Have you read Natalie Wexler’s excellent article ‘Writing and Cognitive Load Theory’ in the latest issue (No 4) of researchEd? If you haven’t, it’s well worth a careful look. Natalie is the co-author, with Dr Judith Hochman, of The Writing Revolution, of which I am a great fan.
In her researchEd piece, Wexler explains that although reading is hard because it places such a heavy cognitive load on human memory, writing is harder. Readers of this blog will know why: reading draws on recognition memory, i.e. when you’re reading, you have the cue in front of you to jog your memory; however, writing is far more difficult because it draws on retrieval memory, a much deeper kind of memory.
Wexler makes the important point that even when ‘producing a single sentence, inexperienced writers may be juggling things like letter formation, spelling, word choice, and sentence structure’. She goes on to suggest that the best place to start is with the sentence, ‘sentences being the building blocks of all good writing’.
However, although sentence writing is an aim we should aspire to reach quickly, the starting point for teaching children to become accomplished writers should be the writing of single words from the first moment the child enters school.
This is precisely where good phonics teaching comes in! As soon as a child enters the classroom and begins to be taught how to read, they should also be taught how to write. Reading and writing are two sides of the coin and should be taught simultaneously. In a top-quality phonics approach, the deliberate practice recommended by Wexler should begin with children building simple CVC words, reading them and then writing them.
Within the first couple of weeks on instruction, through the medium of dictation, children will be writing whole sentences, such as ‘A man sat on a map.’, which quickly broaden in their context as more and more sound-spellings are added to the repertoire.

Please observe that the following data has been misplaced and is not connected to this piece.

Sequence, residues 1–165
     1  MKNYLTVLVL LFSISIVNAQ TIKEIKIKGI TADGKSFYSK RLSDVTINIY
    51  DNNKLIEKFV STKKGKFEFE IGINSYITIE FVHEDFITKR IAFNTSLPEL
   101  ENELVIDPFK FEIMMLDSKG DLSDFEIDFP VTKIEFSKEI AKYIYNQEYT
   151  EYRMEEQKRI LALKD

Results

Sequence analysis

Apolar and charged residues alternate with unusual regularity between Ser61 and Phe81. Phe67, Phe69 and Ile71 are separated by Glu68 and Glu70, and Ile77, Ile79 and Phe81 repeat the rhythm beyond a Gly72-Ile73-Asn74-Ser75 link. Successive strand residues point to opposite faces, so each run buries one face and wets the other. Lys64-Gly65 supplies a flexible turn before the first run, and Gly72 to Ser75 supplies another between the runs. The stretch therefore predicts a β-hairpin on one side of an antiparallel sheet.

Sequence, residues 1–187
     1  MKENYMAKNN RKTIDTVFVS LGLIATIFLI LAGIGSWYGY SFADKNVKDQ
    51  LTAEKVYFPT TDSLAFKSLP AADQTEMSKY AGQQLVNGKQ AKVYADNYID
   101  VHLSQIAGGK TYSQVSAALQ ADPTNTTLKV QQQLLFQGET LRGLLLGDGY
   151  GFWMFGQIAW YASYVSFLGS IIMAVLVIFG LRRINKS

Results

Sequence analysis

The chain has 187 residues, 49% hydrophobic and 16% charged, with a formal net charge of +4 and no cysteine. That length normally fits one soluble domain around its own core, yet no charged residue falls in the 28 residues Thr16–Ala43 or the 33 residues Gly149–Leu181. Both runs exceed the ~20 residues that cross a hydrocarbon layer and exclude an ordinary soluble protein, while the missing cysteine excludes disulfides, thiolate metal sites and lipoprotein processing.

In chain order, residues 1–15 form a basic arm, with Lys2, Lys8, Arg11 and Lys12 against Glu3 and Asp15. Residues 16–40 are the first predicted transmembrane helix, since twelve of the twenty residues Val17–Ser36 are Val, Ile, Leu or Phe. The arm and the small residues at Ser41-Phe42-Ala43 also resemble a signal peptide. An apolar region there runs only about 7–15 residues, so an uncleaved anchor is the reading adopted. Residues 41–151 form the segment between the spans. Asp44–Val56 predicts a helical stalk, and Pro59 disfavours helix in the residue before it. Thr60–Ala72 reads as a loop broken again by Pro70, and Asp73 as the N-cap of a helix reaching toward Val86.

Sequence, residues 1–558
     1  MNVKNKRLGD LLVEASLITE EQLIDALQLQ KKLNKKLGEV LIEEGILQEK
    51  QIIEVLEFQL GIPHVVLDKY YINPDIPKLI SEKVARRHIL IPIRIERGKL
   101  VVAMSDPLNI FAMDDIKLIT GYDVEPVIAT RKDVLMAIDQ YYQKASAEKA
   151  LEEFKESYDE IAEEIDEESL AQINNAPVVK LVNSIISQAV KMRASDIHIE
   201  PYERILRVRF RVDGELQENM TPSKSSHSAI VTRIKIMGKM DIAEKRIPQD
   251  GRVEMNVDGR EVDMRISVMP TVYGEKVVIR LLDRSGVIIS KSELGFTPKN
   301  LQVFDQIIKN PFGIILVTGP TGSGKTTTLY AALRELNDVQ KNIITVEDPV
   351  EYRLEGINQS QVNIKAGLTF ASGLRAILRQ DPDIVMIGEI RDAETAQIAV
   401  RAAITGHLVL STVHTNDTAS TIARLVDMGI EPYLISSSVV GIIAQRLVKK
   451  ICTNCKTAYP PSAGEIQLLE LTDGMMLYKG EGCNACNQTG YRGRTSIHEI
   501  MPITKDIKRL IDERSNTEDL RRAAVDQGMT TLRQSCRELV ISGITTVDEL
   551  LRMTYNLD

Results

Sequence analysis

Of course, as already indicated, the cognitive load imposed by writing is much greater than for reading, so time has to be allowed for children to absorb the sound-spelling correspondences they have already learnt before they are expected to remember how to write the spellings for the sounds in the words dictated in sentences.
In the case of four-year-olds, the ‘lag’ between learning the sound-spelling correspondences and writing short, properly-formed sentences, needs to be only about five or six weeks.
In weeks 1 and 2, the children learn to word build and read words with the structure CVC and work with < a >, < i >, <m >, < s > and < t >. They word build them, learning that sounds in ordinary words can be represented by spellings. In two weeks, they are reading and writing words like ‘mat’, ‘sat’, ‘sit’, ‘at’ and so on. Over the following two weeks, having been introduced to < n >, < o > and < p >, they will be reading and writing more than thirty words. And, it is at this point that dictation becomes a powerful tool for establishing what a sentence looks like: it begins with a capital letter; it ends in a full stop. Much more importantly, dictation gives the kind of retrieval practice so vaunted by cognitive psychologists in getting information into long-term memory.
Words that contain sound-spelling correspondences that haven’t, as yet, been taught are modelled explicitly. So, the teacher will write occasional high frequency words, such as ‘I’, ‘the’, ‘of’ and so on, onto the whiteboard for children to copy. With everything else, the children are listening to the sounds they hear in the words dictated (one by one) and writing them. They are also saying the sounds as they write them, which helps further to deepen the relationship between the sound and the spelling in their long-term memories.
Of course, the role of the teacher is vital in knowing exactly the kinds of support and scaffolding each child needs and they need to be able to provide immediate feedback and feedforward when a child makes an error.
This is truly the point at which the writing revolution should begin.